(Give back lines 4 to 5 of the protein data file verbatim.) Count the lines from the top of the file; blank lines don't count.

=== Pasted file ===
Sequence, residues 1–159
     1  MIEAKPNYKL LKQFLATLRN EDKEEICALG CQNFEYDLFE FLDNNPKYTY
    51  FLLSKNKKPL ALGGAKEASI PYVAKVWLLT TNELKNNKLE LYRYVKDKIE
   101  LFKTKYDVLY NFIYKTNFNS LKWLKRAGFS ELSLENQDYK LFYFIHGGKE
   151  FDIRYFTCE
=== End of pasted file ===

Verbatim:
   101  LFKTKYDVLY NFIYKTNFNS LKWLKRAGFS ELSLENQDYK LFYFIHGGKE
   151  FDIRYFTCE